Jerry Sumney's most recent work, THE BIBLE, AN INTRODUCTION, was projected to be used primarily as a textbook, but this very useful new reference is equally valuable for those studying their bibles at home. The term "textbook" does tend to make people long out of university grimace, causing them to regard a book using that moniker as something previously owned by a colony of lepers, but that need not be the case.
Sumney's THE BIBLE is logically laid out, unfolding itself to the reader in a general introduction covering the canonization, transmission, and inspiration of the biblical texts, and then two subsequent sections covering every book in both the Old and the New Testaments. Since THE BIBLE is a textbook, there are short reviews at the end of each chapter, as well as a section showing the key terms and ideas covered by the chapter. There are even questions for discussion at the end of each chapter, and it is the inclusion of these questions that actually makes THE BIBLE invaluable to the reader who is not using the work as a classroom textbook. Approaching a text from the need to answer a question generates a different reader-text dynamic than merely reading a text for the sake of reading it, and the questions found at the end of each chapter in THE BIBLE, while they reinforce the information found in the text, also illuminate the reader, prodding the reader towards the longing for an even deeper understanding of the Biblical message.
As in his other published body of work, Sumney's writing is clear, concise, clarifying, and always methodical, constructing his argument as carefully as any civil or mechanical engineer. An excellent example of his approach is the third chapter on the inspiration of the Bible. Sumney begins by showing the alternative translations available to the well known passage dealing with "inspiration" in 2 Timothy 3:16-17, and then he follows the development of the concept of inspiration, from its origins within Judaism to its very confined manifestation in modern Fundamentalism. The chapter then closes with an extremely helpful analysis of writer John Goldingay's provocative axiom, "Scripture mediates divine revelation apprehended in human experience." (Models For Scripture), and this short analytical section may be one of the best arguments for placing this fine work on your biblical reference shelf. Sumney has an ability to interweave other references into his text in a very effective way that never intimidates his reader, while it succeeds in maximizing their comprehension of his basic premise.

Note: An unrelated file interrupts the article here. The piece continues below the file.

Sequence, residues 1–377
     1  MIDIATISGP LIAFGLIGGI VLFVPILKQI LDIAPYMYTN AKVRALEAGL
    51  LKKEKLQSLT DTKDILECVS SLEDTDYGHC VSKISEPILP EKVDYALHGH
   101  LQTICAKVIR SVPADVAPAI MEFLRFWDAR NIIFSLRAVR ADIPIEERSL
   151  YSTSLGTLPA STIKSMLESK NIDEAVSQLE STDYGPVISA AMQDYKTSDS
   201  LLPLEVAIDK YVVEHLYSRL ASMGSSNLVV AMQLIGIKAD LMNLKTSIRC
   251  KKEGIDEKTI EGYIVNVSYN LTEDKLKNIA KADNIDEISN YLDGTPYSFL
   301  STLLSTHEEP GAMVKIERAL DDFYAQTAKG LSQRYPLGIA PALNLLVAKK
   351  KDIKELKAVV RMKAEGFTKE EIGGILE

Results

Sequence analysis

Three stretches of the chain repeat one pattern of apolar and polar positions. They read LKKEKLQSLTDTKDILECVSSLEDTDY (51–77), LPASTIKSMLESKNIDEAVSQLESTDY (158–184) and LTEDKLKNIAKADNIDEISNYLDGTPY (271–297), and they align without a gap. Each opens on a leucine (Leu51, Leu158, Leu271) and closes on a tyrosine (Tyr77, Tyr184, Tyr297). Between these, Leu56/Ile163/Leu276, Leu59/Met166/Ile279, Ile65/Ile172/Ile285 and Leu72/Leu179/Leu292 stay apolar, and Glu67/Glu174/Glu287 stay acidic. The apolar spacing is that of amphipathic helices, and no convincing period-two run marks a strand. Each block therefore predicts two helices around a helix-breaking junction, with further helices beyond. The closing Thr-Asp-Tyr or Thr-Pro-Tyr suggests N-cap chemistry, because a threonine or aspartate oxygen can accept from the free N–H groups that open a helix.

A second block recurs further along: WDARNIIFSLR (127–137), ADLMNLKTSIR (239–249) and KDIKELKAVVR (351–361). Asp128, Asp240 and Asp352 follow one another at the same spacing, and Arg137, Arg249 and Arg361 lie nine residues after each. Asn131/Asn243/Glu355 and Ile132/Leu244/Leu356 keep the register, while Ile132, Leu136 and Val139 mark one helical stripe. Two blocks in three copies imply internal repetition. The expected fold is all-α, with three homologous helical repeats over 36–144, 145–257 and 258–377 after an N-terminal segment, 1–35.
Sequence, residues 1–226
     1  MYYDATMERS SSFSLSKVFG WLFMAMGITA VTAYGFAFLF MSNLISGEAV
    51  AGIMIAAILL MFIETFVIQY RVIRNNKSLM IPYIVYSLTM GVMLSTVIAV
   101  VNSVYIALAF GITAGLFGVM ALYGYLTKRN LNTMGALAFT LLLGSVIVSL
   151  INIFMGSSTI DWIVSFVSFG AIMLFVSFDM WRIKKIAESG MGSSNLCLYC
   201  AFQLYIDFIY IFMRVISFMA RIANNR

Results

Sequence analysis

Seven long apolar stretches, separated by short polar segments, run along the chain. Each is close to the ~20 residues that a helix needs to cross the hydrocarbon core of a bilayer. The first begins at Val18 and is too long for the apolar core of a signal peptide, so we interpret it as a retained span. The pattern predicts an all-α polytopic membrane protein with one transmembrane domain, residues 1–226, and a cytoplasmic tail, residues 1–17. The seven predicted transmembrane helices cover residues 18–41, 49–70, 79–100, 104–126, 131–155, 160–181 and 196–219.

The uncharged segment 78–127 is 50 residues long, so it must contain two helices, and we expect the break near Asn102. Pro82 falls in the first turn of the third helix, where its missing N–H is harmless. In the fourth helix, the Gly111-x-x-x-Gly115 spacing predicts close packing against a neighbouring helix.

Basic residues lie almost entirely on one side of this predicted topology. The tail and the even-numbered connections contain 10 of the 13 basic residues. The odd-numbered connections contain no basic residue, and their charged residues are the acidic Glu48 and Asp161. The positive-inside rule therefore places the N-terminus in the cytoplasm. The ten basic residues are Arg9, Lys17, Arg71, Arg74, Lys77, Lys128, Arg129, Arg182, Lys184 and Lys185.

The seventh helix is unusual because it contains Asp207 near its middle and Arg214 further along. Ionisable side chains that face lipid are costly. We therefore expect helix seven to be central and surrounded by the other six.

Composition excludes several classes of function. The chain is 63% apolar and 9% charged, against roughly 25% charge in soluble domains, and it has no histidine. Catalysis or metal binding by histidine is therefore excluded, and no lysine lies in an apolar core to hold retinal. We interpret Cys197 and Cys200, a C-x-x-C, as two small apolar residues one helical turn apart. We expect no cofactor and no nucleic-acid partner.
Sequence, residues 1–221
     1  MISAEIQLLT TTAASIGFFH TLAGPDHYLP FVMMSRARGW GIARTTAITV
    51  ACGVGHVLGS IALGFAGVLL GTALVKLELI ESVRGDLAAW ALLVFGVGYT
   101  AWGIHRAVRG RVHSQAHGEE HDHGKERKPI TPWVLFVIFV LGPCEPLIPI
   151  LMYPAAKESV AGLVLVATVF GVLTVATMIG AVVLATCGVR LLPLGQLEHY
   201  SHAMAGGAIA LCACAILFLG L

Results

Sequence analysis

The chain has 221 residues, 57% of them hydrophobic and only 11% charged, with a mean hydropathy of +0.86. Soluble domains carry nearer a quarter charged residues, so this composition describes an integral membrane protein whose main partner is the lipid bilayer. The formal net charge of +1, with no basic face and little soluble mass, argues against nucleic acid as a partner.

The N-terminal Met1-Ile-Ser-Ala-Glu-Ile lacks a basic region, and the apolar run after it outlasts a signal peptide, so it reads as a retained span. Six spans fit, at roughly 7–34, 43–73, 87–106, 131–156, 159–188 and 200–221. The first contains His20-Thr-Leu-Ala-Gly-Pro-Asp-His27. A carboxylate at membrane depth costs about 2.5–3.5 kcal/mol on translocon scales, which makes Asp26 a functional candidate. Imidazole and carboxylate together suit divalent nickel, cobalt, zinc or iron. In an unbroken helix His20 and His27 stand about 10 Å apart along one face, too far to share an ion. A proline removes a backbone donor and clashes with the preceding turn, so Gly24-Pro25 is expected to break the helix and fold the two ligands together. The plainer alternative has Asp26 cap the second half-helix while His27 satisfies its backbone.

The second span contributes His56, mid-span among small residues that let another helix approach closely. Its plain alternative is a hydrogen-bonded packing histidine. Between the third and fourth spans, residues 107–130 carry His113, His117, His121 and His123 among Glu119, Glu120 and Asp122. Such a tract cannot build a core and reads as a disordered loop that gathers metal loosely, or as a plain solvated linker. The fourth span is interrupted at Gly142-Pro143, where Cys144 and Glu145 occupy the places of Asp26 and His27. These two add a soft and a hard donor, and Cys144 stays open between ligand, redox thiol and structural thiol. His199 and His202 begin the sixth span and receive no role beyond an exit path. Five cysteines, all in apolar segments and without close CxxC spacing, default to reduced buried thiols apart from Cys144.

Fortress Press has marketed this fine new work by Jerry Sumney as a "textbook", but their marketing strategy shouldn't make THE BIBLE as repulsive as a diet of lemon juice, bean sprouts, and raw tofu to the average reader. Sumney's fine new work THE BIBLE is an extremely useful and important work to any student of the Bible, whether they are inside or outside of a university.
In his preface to the book, Sumney states that his intended audience actually includes, besides students in an academic setting, anyone who studies the Bible "for guidance in their lives", and in view of that statement his new book THE BIBLE succeeds extremely well.